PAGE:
Unexpected tips for women speakers, from women who own the stage

Over the last few months, we’ve talked to some of the most talented women in tech about their professional speaking experiences. We’ve learned how to prepare for a talk, how to pick a talk topic, and how to conquer stage fright. In addition to general speaking tips — amazingly useful for anyone, not just women — it’s true that there are some aspects of delivering a presentation that are unique to women speakers. We chatted with Natalia Burina of Salesforce, Ellen Chisa of Lola Travel, and Caterina Rizzi of Breather to understand what unique challenges exist when you’re speaking at a tech conference as a woman.

The result? We uncovered some uncommon tips we never expected to hear. These are the little-known tactics that these women felt were important for others to consider before the next time they step on stage.

Dress for the Stage (and Camera)

Choosing what you’re going to wear during your presentation is important, but potentially not for the reasons you’d expect. There are particular aspects of dress that really matter to women speakers on stage because they will affect how you hold your hands, your body temperature, and the quality of the recording of your talk, among other things.

“I always wear something I’m comfortable in,” says Ellen Chisa, who leans toward more casual dress for her speaking engagements. “I wear jeans and a shirt. And it’s better to have a solid color on.”

She also advises other speakers, if possible, to ask about the color of the background of the room. “If it’s dark, wear bright colors. If it’s a white room, wear a neutral.” Most events these days also record speakers’ presentations. Wearing solid colors means that you won’t create any visually abrupt patterns throughout your recording. Specifically, stay away from high-contrast, small patterns, especially those with either vertical or horizontal lines.

Natalia Burina also notes that, to stay comfortable, you need to think about how your body temperature may change while you’re on stage. “Don’t have a bulky sweater on. You will blush. You will get hot.” This bit of advice is potentially counterintuitive: While oftentimes office temperatures may not be favorable to women’s natural body temperatures, remember to dress for the stage and not your desk.

Bring a Friend

Especially if you’re new to speaking, don’t do it alone.

“It helps to have someone you know in the audience so you have support. That’s really huge,” says Natalia. “I went with a friend to be interviewed by Jason Calacanis. I was surprised how much it meant to her to get support. They’ll also give you feedback like, ‘Your presentation was really great but your voice wavered.’”

Having a true friend that will be honest with you can be very valuable, while others may not be so forthcoming. Natalia also says, “It helps to have someone who can help calm you and who can get something for you last-minute. It’s a seemingly small tip, but it’s really helpful.”

Hair and Accessories

When you’re on stage, it’s important to keep the focus on you and your story — not the pendant wildly swinging from your neck, or the bracelets loudly jangling from your wrist. Before giving a presentation, check what you’re wearing to see if there might be a piece of jewelry that could distract you or your audience from your presentation. If you’ve done a great job preparing, you’ll have a solid sense for how you’ll move during your talk and can make a quick decision on what to keep on versus what to set aside during your time on stage.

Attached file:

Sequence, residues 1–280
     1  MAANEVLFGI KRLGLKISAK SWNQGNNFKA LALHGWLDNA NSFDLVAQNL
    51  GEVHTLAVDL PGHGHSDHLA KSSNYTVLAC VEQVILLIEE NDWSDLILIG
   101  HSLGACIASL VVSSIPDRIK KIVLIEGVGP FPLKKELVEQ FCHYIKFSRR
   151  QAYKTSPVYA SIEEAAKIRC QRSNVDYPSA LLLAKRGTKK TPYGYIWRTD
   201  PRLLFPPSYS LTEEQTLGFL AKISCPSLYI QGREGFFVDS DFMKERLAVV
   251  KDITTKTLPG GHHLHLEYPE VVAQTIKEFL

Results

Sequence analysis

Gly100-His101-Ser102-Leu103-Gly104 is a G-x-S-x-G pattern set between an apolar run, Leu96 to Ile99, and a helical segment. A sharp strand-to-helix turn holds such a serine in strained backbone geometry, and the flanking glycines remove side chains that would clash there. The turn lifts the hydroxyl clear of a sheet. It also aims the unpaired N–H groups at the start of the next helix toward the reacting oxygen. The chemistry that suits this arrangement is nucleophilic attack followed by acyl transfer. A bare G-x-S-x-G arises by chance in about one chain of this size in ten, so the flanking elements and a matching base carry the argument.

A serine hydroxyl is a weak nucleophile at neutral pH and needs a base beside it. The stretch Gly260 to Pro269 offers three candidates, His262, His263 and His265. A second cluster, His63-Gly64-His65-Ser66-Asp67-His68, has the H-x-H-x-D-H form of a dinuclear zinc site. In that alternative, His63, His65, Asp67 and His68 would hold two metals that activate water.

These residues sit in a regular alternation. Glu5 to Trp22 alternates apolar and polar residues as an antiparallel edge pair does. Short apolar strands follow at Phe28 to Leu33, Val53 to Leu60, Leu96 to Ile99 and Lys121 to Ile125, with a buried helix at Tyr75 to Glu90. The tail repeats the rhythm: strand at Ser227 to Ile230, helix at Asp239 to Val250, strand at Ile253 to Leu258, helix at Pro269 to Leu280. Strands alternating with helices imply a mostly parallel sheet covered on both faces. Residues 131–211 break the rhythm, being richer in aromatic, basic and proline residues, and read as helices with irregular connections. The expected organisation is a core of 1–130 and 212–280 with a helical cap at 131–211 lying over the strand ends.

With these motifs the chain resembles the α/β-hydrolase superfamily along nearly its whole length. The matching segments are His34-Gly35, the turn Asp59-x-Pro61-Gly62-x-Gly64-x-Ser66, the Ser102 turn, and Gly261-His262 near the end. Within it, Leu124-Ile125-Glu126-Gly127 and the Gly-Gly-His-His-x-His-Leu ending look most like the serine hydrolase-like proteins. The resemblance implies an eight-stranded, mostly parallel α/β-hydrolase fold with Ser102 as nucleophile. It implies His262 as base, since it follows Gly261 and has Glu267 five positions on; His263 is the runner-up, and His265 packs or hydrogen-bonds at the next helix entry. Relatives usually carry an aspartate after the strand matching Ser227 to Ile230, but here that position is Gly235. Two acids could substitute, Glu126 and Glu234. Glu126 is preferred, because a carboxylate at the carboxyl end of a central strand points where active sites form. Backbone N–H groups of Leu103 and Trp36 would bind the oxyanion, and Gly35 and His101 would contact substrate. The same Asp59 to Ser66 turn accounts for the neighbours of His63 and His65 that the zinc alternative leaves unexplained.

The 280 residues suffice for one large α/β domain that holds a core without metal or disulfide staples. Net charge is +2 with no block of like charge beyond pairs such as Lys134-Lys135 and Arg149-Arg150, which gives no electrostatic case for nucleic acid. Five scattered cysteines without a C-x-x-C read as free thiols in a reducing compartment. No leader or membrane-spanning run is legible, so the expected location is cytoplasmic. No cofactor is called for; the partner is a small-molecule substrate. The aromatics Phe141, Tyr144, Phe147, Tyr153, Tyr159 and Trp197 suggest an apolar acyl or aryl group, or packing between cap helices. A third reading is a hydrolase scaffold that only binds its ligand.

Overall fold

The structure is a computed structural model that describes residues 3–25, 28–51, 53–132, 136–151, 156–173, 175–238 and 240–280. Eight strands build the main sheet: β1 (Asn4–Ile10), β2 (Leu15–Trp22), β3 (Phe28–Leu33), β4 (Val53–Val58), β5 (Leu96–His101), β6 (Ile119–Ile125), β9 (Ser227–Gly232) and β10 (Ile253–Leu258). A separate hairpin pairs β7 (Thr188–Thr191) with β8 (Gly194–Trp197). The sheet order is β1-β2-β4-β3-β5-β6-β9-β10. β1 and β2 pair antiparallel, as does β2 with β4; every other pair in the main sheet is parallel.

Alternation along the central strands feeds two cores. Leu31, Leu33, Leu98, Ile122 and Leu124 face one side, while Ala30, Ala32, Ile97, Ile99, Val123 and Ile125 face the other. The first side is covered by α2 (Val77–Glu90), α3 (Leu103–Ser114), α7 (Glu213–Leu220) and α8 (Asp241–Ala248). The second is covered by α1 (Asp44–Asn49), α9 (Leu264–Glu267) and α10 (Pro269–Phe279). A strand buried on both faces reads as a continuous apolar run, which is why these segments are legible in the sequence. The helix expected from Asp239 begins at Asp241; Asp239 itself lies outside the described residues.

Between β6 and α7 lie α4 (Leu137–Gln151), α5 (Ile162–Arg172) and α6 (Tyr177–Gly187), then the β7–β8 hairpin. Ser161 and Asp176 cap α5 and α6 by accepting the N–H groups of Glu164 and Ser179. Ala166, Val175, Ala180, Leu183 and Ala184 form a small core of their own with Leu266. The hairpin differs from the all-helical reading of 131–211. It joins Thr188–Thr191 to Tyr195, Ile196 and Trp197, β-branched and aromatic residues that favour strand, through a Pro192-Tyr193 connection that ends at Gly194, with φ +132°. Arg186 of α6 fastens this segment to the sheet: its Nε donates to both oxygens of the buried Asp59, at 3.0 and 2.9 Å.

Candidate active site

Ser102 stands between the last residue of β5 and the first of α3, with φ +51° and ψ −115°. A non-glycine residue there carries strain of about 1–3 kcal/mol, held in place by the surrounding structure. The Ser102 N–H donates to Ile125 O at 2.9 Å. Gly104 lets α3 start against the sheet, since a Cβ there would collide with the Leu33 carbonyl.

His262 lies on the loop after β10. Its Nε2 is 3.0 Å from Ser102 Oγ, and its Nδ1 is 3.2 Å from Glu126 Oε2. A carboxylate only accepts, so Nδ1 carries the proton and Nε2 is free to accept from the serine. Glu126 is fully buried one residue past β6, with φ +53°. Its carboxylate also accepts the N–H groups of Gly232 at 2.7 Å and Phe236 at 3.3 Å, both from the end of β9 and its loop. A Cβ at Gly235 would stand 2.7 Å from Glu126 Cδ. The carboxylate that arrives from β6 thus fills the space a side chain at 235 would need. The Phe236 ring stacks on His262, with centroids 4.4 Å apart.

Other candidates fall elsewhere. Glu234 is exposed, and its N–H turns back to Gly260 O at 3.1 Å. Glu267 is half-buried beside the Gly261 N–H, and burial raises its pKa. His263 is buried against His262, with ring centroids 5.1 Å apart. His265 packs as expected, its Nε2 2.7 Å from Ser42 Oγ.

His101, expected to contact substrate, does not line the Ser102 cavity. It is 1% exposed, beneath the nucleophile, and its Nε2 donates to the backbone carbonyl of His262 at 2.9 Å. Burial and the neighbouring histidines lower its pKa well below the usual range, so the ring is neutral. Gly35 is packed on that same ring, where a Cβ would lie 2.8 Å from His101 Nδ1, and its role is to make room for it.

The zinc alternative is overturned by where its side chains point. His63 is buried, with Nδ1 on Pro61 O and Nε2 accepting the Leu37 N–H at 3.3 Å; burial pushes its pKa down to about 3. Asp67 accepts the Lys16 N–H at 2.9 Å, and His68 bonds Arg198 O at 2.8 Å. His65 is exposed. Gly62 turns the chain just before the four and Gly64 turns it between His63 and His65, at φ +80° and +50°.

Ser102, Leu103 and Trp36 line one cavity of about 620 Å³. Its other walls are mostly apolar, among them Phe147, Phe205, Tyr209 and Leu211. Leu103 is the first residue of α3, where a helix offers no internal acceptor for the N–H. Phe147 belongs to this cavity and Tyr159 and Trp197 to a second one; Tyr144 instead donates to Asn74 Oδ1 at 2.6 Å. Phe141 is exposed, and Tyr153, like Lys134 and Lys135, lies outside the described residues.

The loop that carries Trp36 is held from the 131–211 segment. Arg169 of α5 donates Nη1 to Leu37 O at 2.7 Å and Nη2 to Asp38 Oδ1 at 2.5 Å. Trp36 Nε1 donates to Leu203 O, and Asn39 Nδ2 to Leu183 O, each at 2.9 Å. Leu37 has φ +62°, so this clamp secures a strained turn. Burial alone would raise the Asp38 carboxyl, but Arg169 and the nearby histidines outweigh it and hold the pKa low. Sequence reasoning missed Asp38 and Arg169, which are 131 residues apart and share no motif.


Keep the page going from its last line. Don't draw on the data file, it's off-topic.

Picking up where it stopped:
Another thing to consider is your hair. If it’s long and you’re wearing a clip-on mic, you’re in for a constant battle to keep your hair from sweeping across and obstructing the microphone. You’re also risking it getting caught in the clip itself — not a pleasant on-stage experience! A handy hair tie or headband can help to keep your voice clear and any unwanted mic interference at bay.

Don’t Drop the Mic

If you haven’t spoken at an event before, you might not have thought about how much the type of microphone you’ll use matters. Some events have clip-on mics so you’re hands-free, while others have mics on stands or handheld mics. If you can, ask in advance what type of microphone you’ll be using so you can better prepare.

If you’re unsure what type of microphone you’ll be using, you may end up with a clip-on mic. And if you wear a lightweight shirt without a solid collar, clipping that mic to your shirt can potentially cause problems.

Caterina Rizzi had an unfortunate run-in with a clip-on microphone at a recent conference. “If you’re using a clip-on mic, don’t wear a loose shirt because it pulls down while you’re talking.” If you are wearing a thin shirt with little structure, pair it with a sweater or blazer to which you can solidly attach your microphone.

After giving a few talks, you will develop a preference for your speaking style, the type of event, and the microphone to match. Caterina found that over time, “I like holding the mic because it gives me something to do with my hands. I don’t feel awkward.” Having this information is great, but make sure you also put it to use. If you have a preference, be sure to relay with the event organizers beforehand so they can try to have your preferred gear on-hand.


Once you’ve taken the time to find a great speaking gig, have prepared an amazing talk, and are ready to share your expertise with the audience, we hope these (not often talked-about!) tips can help you deliver an amazing talk.

To confidently share your ideas, you’ll want to feel at ease and comfortable. You’re now better prepared to navigate a handful of important yet unexpected issues that you may come against in the position you’ve worked so hard to be in — a confident woman sharing her expertise on stage.